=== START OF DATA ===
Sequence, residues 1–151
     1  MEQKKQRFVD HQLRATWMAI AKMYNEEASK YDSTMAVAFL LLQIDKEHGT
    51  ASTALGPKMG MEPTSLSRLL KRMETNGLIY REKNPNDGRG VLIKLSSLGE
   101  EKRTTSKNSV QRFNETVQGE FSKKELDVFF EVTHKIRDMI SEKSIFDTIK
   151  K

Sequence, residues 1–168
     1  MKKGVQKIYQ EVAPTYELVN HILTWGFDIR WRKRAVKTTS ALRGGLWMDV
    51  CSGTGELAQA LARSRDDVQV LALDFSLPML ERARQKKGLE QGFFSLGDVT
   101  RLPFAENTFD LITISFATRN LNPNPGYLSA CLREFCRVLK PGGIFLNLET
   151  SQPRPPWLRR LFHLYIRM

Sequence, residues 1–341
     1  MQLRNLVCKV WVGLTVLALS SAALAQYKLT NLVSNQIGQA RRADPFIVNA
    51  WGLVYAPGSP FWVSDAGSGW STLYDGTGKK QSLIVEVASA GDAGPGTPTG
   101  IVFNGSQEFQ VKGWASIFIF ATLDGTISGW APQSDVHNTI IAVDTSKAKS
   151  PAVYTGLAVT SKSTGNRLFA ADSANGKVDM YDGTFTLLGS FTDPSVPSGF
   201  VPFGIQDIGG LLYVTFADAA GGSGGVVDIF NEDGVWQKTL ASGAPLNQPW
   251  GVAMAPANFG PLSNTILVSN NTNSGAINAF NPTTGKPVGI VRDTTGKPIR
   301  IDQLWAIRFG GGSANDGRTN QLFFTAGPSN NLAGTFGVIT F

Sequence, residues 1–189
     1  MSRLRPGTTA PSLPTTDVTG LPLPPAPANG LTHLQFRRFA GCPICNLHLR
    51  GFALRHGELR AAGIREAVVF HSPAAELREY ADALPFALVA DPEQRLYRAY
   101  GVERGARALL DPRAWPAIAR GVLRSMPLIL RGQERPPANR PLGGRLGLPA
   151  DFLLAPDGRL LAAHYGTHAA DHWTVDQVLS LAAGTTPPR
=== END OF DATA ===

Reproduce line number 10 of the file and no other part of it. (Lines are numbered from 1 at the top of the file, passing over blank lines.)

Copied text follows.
   151  SQPRPPWLRR LFHLYIRM